That's altogether possible! Especially as big chunks mean they can keep giving off steam for a while—they're "deep" as it were. So how about slicing them so that they're flatter and thinner (but still thick enough to be toothsome and not turn to mush) and can be "layered" as I sometimes see in certain apple pies. More surface area and the steam would evaporate more quickly = less shrinkage? Example in picture below (from "once upon a chef"):
     

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    Last edited: Jul 26, 2019
    J13, Jul 26, 2019
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  6. J13

    Norcalbaker59 Well-Known Member

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    I get why they regulate what gets imported because California’s agricultural industry could get wiped out if some nasty bug gets imported on produce. But it would be nice to get some apple varieties beyond the five boring ones we see Year after year in the stores. I’ll have to check out the sources you posted. Thanks for that.

    Yes thinner slices and layering might work as well. I’ll bake an apple pie on Sunday. The pie dough I made today will actually go for savory hand pies and a roasted vegetable tart for Saturday. I have a potluck at my sister’s house. We’re going to be dying cloth. She’s into the fiber arts. She spins, knits, dyes. In my family when we take on a hobby we go all in. My brother became interested in brewing coffee. Now he’s a coffee roaster with investments in a coffee mill and coffee farms in Mexico.
     
    Norcalbaker59, Jul 26, 2019
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  7. J13

    J13 Well-Known Member

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    Totally off topic...My husband is a coffee connoisseur, familiar with a lot of the coffee people here who go down regularly to South America to pick out the beans they want, who roast and grind everything in house, etc.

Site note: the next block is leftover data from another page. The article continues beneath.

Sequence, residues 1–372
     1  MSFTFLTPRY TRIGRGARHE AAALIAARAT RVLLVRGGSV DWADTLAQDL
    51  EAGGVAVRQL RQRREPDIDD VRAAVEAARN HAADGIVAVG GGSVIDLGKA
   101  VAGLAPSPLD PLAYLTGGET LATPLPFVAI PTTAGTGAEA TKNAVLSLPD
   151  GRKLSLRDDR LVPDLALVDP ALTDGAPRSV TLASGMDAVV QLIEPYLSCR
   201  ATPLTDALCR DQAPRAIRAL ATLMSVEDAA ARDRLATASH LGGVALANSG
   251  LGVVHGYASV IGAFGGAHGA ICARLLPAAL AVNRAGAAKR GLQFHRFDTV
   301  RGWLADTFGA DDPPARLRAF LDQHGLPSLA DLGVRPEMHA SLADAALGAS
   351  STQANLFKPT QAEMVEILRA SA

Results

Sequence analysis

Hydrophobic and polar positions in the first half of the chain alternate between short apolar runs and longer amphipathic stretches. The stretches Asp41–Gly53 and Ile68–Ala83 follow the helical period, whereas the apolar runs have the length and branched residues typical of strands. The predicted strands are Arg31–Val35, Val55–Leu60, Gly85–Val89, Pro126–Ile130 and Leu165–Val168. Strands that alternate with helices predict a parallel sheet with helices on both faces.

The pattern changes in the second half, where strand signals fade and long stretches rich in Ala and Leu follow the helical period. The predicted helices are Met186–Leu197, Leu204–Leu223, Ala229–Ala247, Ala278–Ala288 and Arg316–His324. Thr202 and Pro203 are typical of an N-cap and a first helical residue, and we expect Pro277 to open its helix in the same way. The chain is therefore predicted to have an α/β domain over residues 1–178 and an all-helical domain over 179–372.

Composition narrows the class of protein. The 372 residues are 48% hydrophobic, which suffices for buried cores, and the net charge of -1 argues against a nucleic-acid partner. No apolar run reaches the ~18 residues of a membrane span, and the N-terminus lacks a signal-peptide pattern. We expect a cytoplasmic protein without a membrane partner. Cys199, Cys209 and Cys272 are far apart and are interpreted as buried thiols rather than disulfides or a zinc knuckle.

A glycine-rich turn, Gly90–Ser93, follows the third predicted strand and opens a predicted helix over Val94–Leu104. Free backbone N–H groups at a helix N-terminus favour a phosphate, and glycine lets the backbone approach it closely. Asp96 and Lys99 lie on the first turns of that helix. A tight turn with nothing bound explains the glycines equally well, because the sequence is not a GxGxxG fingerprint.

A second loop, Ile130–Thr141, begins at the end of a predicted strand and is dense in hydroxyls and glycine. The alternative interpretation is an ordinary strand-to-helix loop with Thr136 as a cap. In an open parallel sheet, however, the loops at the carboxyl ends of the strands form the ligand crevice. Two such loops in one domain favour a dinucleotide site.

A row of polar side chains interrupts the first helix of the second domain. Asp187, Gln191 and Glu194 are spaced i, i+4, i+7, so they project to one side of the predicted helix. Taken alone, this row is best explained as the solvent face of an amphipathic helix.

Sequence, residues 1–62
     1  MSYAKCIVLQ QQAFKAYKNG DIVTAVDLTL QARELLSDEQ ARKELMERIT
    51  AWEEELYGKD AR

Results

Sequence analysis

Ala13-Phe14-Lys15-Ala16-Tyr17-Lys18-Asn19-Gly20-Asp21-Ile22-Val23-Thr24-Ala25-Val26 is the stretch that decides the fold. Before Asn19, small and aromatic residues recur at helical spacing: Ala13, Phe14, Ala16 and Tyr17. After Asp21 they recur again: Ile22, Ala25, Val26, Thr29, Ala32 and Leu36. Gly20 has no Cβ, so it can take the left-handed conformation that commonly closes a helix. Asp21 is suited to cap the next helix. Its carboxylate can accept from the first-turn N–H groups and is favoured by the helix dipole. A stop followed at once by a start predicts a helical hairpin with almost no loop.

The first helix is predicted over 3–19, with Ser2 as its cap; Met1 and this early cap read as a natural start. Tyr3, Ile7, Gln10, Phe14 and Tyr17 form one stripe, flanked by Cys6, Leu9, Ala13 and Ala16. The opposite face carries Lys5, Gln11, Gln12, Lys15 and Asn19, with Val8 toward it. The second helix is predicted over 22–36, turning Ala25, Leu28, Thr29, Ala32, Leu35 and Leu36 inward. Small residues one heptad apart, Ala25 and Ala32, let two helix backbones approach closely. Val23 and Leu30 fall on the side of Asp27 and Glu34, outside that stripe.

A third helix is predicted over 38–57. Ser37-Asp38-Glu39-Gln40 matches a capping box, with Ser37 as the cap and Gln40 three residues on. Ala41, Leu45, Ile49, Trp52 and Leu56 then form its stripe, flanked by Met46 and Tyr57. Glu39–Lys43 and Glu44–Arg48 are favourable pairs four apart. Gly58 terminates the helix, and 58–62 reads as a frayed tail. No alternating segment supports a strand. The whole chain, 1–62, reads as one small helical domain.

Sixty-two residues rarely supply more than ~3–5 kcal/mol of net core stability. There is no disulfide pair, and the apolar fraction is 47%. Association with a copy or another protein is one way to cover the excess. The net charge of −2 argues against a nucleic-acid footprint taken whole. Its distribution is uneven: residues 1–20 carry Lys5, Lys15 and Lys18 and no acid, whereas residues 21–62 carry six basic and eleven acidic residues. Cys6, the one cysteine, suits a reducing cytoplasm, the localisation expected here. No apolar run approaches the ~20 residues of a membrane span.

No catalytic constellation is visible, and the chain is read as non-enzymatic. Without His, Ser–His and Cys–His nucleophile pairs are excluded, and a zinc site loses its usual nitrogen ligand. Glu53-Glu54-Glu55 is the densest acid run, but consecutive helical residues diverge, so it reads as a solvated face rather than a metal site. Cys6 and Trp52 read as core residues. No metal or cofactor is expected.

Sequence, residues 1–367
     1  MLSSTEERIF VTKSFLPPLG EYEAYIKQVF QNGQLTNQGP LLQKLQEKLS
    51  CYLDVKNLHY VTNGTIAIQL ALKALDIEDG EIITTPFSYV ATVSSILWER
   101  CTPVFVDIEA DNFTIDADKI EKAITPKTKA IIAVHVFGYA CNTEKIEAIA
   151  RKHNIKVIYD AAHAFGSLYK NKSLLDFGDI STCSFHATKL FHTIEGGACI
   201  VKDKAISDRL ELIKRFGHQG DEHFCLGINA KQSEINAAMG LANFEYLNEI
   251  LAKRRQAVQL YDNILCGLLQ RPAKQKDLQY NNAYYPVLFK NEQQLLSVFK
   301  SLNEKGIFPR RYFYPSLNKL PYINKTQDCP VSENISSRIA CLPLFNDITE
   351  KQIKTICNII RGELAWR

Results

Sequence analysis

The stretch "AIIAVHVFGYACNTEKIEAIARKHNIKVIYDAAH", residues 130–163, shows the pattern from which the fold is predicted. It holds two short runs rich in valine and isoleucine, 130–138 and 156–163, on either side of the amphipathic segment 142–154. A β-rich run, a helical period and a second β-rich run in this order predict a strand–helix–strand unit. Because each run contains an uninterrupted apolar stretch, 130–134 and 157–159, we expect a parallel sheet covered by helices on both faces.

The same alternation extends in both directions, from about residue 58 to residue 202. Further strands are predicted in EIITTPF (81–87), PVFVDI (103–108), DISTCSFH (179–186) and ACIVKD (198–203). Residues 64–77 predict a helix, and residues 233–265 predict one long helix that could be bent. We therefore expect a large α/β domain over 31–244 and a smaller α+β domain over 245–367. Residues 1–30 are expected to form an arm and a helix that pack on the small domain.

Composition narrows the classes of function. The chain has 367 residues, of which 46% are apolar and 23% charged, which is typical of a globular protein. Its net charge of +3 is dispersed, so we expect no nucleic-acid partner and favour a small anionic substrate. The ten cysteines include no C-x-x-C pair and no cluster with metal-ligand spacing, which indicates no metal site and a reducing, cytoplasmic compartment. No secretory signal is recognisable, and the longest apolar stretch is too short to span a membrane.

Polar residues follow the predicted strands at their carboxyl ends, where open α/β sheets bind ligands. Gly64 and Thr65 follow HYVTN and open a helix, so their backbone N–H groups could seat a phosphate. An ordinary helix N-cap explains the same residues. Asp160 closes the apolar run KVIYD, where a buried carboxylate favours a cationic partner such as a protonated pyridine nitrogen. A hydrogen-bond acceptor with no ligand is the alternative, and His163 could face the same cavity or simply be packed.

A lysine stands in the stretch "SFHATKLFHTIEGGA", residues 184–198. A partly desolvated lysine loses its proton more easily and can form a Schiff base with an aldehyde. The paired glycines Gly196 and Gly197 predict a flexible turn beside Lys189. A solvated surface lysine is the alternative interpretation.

I'm sure he'd have a lot to discuss with your brother. :D I, on the other hand, am a devoted tea drinker.
     
    J13, Jul 27, 2019
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    Norcalbaker59 Well-Known Member

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    Tell your husband my brother’s coffee farm planted geisha last year. Beans are certified from that mother plant.

    My brother actually sent me to SCA barista certification training. Obviously we have complementary skills for business.
     
    Norcalbaker59, Jul 28, 2019
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    Norcalbaker59 Well-Known Member

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    It was actually great that half of the guests at my sisters eco dye event had eaten my pies before, half had never had my pie; So it was great to be able to get reactions from both.

    People who eat my pie on a regular basis I find the most interesting, because they are so enthusiastic about my pie. They rave every time, Especially about the crust. They always mention the crust. They never fail to mention the crust.

    And those at the party who had never had my pie before also went on and on about the crust. Everyone individually asked if they could take leftover hand pies home with them.

    Here’s a how the 25% hydration 10.5% protein pie crust baked in hand pies. Contained 65 g of spinach artichoke cream cheese filling. The crust turned out very nice at 25% hydration .
    48A98287-E678-4F17-8B46-A00087FD6A23.jpeg

    25% hydration 11.5% protein. Blind bake, I just removed the rice at 35 minutes and returned the cross to the oven to bake another 10 minutes.
    BDC787BF-31F9-4468-B228-3EA79295CF8E.jpeg

    I forgot to take a picture of the crust after I
    completed blind bake. But here’s the completed tart. You can see this crust shrank quite a bit.
    7EB60B67-FA47-4078-A387-696FEE4ADC6C.jpeg

    It didn’t shrink down in height
    ADD5AC47-5A9B-4B4F-A3F9-BED0D3DC5E25.jpeg


    It contracted in diameter
    DD4081BB-A2C4-47DD-A08A-3962C126159E.jpeg
     
    Norcalbaker59, Jul 28, 2019
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    J13 Well-Known Member

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    So, to sum up, 25% hydration got as enthusiastic a response from the guests as your usual—taste wise, flakiness, and all the rest the same as with 30%. It also worked out fine for the hand pies. BUT when it came to tart shells, it shrank inwardly?

    How was it to manage as compared to 30%? Did it feel any different to roll out and such?
     
    J13, Jul 28, 2019
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    Norcalbaker59 Well-Known Member

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    Shrinkage is inevitable, all pie crust, and baked goods for that matter, shrinks because where there is water and high enough heat, there is evaporation, and that causes shrinkage.I just wasn’t expecting that much shrinkage. Look at the photo I took when I removed the rice; that’s about the amount of shrinkage I was expecting.

    The shrinkage was on par with the 30% hydration. Given the reduction in water, there should’ve been less shrinkage.

    The dough did not retract during rolling, and it was tender and flaky, so I know the dough was not overly worked. Overworked is a contributing factor in shrinkage.